Risks Associated with Taking Out a Loan on a 401k
22 Jan, 2016 / By Jennifer Hamilton
The majority of 401k plans allow people to withdraw a loan from the account, and so many people do take advantage of this. In fact, an average of 13,000 people take a loan out from their 401k every month, for a median of $4,600. Yet, about 10% of these people end up defaulting on their 401k loans, which is usually caused by a job loss or change that they did not anticipate. On top of this, there are some risks involved. Here are some of the top risks to look out for when considering taking out a 401k loan.
Those that have 401k plans can borrow up to 50% of what they have in their account, which can be as high as $50,000. This means that if you only have $10,000 in your 401k, you can only borrow $5,000. In fact, the loan amount could be even further reduced if you have already taken out a loan within the year.
Short Repayment Period
It is often the case that loans taken out of 401k account have to be repaid within 5 years. However, if you use the loan in order to purchase a house, you may extend the repayment period. This means that in most cases, you will only have a short amount of time to repay a substantial amount of money, which increases the risk of you defaulting.
Large Penalties for Missing a Payment
A loan that is not paid back with regular payments made within 5 years will be treated as being a distribution from your 401k. This will mean the entire balance of the loan you take out becomes subject to an income tax. For those who are under the age of 59 and a half, a 10% penalty will be placed on the loan balance because of the early withdrawal. One way to offset this risk is to have the money automatically taken out of your paycheck.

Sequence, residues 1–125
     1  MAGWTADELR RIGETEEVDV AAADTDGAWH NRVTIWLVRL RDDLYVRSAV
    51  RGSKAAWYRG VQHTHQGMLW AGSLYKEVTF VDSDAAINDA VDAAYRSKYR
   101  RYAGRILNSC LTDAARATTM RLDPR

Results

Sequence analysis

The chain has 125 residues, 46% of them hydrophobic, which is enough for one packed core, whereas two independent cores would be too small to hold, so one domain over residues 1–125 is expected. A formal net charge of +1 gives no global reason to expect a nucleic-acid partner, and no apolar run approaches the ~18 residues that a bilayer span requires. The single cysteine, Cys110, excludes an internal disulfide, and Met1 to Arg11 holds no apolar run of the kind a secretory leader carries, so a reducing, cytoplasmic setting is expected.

If you find a new job or lose your current job then you may find that the loan balance you have outstanding will become due. At this time, if you aren’t able to repay your loan then it will become distribution and penalties and taxes will typically be applied to it. This could stop you from taking an opportunity that comes your way. Or you may find yourself unemployed, and not only dealing with finding a new job but a loan that has turned into a withdrawal you owe a slew of taxes on.
401k contributions are done with pretax dollars, and so the money is not taxed unless you withdraw it. However, loan repayments of both interest and principal are made after-tax. This means you will have to deal with a double taxation when it comes to the interest you have to pay, since when it comes time to retire you will have to pay taxes on the entire benefit of the plan, and a portion of which is the interest you paid for the loan you took out.
Less Money In Your Retirement Fund
Taking out a loan on your 401k ultimately will reduce the amount of money you have once you retire. Because of this, it is incredibly important that you think carefully before taking out a loan from your 401k. You should ensure that you have exhausted all of your other options. It may be a better idea to try cutting back on your spending and living within your means to avoid losing money on an account that was meant for your retirement.